Sodexo proves gender balance is a boon for everything from employee engagement to the bottom line.
By Eve Tahmincioglu
Sodexo Group CEO Michel Landel took his call for gender balance to the Harvard Business Review in an article this month titled “Why Gender Balance Can’t Wait.”
According to Landel, an invariable link exists between gender diversity and better business performance:
“The case can’t be clearer — gender balance in business can’t be labeled purely a women’s issue or a matter of diversity for diversity’s sake. It’s an economic issue, and addressing it can benefit business and economic performance, thereby impacting all stakeholders.”
He backed up this claim with the preliminary results from an internal study by Sodexo released earlier this month, titled “Gender-Balanced Teams Linked to Better Business Performance.” (Sodexo is No. 5 on The 2015 DiversityInc Top 50 Companies for Diversity)
Sodexo defines gender balance as a male-female ratio between 40 and 60 percent and looked specifically at the correlation between gender-balance teams and performance. That 20 percentile sweet spot is what Sodexo refers to as “The Gender-Balance Zone.”
The report analyzed key business performance indicators from 100 global entities and 50,000 managers in 80 countries, from the corner offices to site management, looking initially at employee engagement, brand awareness, client retention and three financial performance indicators.
What they found was clear: “Diversity is key to enhanced performance.”
The report states:
Teams at Sodexo within the optimum gender-balanced zone have experienced on average an increase of four points in the global engagement rate versus only one point for other teams between 2010 and 2012. Similar correlations are found with other business metrics, including:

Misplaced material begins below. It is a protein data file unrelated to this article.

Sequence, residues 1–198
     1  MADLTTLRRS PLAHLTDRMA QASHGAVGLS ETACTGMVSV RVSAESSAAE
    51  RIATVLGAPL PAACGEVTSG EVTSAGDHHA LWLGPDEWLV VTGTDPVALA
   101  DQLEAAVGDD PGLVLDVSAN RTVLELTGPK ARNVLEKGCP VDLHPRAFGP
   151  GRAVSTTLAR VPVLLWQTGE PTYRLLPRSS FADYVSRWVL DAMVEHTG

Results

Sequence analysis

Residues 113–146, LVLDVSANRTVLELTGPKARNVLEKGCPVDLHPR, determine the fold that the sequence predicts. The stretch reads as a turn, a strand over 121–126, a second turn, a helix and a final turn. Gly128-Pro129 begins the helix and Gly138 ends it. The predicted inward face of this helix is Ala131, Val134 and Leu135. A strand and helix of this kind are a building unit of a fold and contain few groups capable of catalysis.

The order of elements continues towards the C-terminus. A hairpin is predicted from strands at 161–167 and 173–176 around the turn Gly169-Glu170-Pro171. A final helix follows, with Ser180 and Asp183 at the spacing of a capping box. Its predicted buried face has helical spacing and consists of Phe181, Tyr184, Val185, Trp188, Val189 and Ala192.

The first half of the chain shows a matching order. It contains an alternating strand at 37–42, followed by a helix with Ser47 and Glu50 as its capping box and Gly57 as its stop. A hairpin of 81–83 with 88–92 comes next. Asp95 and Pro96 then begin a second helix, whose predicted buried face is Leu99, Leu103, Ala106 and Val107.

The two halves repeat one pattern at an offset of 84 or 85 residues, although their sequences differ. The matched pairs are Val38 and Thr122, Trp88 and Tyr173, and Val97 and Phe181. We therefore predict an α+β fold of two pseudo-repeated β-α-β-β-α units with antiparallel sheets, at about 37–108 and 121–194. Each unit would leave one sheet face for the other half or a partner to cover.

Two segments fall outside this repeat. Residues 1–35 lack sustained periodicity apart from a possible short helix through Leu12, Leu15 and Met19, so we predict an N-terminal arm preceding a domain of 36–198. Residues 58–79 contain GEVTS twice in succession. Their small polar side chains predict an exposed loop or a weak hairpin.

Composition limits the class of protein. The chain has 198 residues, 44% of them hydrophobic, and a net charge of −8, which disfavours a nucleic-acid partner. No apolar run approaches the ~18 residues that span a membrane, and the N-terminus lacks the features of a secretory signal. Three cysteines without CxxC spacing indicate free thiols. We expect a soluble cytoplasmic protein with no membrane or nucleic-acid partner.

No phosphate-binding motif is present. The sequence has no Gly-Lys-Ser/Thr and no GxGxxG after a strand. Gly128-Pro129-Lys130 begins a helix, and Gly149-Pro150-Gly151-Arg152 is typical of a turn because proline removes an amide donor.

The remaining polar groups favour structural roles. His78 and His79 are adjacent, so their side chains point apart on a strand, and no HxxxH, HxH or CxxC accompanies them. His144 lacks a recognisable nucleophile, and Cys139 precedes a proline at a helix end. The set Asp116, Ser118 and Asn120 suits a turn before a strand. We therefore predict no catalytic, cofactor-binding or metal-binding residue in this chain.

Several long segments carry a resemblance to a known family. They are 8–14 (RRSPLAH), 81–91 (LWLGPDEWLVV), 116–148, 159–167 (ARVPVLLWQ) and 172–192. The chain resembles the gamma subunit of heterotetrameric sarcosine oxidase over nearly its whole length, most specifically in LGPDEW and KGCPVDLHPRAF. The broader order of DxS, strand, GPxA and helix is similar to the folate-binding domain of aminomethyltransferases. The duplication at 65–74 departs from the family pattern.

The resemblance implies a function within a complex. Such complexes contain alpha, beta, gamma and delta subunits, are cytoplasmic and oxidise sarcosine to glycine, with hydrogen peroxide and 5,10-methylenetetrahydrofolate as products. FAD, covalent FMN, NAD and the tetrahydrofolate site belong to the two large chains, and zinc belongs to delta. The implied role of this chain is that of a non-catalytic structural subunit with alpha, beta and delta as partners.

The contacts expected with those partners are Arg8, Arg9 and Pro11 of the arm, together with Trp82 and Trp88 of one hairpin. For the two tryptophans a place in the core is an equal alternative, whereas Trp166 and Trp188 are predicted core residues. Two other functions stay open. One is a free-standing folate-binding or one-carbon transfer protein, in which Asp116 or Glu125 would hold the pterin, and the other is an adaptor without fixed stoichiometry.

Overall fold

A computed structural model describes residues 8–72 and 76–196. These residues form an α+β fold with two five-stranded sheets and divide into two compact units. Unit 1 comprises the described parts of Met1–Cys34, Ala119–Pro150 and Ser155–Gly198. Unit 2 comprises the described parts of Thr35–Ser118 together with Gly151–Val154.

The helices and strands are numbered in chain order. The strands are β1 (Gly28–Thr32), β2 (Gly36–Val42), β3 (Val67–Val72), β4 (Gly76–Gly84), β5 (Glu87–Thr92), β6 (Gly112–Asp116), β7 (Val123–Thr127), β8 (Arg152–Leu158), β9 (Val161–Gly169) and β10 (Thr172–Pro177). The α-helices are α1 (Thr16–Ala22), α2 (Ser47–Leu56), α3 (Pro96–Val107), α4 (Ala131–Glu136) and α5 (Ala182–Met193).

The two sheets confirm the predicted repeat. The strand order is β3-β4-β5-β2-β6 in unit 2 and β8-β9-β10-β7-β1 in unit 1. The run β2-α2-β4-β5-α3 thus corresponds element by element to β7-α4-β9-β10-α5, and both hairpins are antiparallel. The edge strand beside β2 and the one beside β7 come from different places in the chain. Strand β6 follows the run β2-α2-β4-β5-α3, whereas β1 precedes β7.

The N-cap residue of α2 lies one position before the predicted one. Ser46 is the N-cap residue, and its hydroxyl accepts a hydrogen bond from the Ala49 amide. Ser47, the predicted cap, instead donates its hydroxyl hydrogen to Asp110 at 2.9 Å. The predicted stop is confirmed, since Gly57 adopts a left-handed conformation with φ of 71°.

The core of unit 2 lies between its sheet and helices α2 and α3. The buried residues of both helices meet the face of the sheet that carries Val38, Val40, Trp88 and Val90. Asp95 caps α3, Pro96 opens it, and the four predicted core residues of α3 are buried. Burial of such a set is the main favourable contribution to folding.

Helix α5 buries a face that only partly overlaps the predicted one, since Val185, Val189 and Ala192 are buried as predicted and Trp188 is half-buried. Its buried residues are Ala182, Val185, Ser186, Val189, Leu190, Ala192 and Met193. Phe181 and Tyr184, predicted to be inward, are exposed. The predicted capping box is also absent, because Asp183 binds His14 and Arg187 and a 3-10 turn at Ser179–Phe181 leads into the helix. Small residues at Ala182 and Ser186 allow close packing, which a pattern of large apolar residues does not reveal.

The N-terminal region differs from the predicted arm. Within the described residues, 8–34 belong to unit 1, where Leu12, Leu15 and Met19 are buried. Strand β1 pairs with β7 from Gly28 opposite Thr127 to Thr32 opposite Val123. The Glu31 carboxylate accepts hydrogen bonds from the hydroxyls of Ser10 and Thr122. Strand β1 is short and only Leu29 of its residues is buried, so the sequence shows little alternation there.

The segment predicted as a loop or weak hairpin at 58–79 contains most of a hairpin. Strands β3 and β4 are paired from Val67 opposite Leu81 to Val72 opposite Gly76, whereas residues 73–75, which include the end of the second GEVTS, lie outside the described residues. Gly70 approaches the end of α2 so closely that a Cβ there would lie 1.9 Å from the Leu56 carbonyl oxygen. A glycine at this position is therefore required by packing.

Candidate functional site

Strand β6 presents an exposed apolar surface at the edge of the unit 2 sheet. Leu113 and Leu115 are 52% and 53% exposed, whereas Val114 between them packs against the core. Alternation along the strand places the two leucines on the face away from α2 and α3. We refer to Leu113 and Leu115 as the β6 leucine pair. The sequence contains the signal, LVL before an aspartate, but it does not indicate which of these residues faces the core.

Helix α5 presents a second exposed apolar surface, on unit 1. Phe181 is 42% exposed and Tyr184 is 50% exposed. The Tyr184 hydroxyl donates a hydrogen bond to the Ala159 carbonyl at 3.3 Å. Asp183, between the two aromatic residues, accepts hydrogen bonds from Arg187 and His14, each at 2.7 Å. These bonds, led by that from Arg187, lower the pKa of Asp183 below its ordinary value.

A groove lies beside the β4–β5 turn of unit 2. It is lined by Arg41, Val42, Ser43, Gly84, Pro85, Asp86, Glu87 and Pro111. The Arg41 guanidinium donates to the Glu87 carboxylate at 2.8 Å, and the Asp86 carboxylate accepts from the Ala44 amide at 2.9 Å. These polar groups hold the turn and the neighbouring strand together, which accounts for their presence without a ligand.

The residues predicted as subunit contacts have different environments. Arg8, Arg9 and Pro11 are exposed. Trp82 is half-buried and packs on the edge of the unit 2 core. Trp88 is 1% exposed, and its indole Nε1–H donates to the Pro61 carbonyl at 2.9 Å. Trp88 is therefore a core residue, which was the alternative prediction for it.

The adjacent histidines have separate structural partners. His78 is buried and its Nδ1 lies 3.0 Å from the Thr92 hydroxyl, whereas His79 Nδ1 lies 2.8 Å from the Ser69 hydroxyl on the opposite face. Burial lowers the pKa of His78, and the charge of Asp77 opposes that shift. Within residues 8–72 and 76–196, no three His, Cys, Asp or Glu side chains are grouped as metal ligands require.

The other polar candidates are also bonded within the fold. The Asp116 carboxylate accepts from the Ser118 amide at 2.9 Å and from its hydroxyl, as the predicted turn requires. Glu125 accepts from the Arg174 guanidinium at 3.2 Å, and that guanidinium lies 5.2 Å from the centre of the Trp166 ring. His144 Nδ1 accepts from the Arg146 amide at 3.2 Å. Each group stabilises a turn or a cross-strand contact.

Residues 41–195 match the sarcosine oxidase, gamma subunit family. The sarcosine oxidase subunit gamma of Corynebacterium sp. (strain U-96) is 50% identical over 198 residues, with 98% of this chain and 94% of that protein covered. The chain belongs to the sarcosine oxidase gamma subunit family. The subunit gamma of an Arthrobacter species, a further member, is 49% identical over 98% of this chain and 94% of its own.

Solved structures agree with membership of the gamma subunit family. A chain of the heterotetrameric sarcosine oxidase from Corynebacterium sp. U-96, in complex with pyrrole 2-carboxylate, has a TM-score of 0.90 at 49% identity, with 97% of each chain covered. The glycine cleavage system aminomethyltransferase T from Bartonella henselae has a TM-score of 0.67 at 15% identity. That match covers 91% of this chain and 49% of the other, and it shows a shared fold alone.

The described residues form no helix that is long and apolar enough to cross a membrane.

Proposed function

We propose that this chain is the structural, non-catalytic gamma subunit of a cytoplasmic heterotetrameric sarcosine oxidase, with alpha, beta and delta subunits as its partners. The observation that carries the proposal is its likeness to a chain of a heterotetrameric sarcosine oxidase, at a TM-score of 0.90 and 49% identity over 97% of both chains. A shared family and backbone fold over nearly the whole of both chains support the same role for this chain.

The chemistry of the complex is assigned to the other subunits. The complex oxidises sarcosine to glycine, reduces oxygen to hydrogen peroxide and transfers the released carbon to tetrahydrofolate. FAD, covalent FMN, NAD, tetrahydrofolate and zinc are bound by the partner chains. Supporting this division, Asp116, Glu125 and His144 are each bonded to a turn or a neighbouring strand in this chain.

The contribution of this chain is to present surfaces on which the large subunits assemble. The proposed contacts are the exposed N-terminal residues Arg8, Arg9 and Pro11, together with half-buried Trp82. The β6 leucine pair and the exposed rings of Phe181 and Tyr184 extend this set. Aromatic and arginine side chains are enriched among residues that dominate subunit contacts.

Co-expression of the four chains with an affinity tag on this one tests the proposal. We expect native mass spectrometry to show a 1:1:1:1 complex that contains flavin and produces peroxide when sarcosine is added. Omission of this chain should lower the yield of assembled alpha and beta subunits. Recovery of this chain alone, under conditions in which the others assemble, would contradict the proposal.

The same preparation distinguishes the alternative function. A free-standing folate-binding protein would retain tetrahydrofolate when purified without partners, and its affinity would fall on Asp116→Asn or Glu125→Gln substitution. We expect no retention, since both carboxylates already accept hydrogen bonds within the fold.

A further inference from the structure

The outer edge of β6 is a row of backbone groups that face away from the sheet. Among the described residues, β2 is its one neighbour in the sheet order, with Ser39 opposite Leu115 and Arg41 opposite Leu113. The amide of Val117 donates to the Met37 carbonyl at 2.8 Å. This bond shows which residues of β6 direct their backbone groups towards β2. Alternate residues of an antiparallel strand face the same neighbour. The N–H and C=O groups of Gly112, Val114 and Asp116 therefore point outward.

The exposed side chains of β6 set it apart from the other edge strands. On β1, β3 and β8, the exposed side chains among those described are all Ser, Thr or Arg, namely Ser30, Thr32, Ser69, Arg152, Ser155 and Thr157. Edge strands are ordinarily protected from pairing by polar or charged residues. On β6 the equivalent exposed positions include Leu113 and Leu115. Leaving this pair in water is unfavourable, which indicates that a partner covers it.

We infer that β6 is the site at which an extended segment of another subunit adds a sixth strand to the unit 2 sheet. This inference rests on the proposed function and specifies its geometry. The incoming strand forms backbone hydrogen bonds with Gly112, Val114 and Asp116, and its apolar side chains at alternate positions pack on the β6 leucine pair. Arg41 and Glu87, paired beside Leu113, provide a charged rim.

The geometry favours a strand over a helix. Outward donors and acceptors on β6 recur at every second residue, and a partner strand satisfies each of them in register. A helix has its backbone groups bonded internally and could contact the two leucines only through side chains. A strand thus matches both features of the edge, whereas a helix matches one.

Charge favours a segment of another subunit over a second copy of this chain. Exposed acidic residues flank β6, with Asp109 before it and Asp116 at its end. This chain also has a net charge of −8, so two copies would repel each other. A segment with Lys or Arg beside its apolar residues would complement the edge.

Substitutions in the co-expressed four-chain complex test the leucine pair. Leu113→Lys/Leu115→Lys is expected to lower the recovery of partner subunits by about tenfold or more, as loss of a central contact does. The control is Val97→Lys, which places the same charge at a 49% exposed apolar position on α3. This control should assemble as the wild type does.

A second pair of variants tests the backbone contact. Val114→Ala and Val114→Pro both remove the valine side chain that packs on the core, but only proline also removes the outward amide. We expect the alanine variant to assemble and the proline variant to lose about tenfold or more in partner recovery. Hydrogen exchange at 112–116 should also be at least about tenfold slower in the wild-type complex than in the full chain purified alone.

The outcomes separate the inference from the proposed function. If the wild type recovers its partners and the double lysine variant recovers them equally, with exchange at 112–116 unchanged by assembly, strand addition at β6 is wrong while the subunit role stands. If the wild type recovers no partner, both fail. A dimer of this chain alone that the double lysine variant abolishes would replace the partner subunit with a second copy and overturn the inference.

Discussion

- Brand Awareness: 5% higher for gender-balanced teams
- Client Retention: 12% higher for gender-balanced teams
- Organic Growth: 13% higher for gender-balanced teams
- Gross Profit: 23% higher for gender-balanced teams
The company is so committed to the concept of gender balance that earlier this month they posted a promotional video on the issue:
So is the gender-balance zone still a fantasy for Sodexo?
“In order to achieve this optimal gender balance ratio, organizations must have a proactive policy in terms of recruitment and promotion, but also offer a healthy work environment conducive to the development and advancement of women,” explained Elisabeth Carpentier, Sodexo Group’s chief human resources officer.
Here’s a Sodexo gender-balance breakdown, highlighting its significant growth over just six years:
“Sodexo has long since considered gender balance as a strategic issue,” said Landel. “While it has always been our conviction that a clear link exists between gender balance and performance, our internal study gives us the numbers to provide an in-depth understanding of the range of this impact.”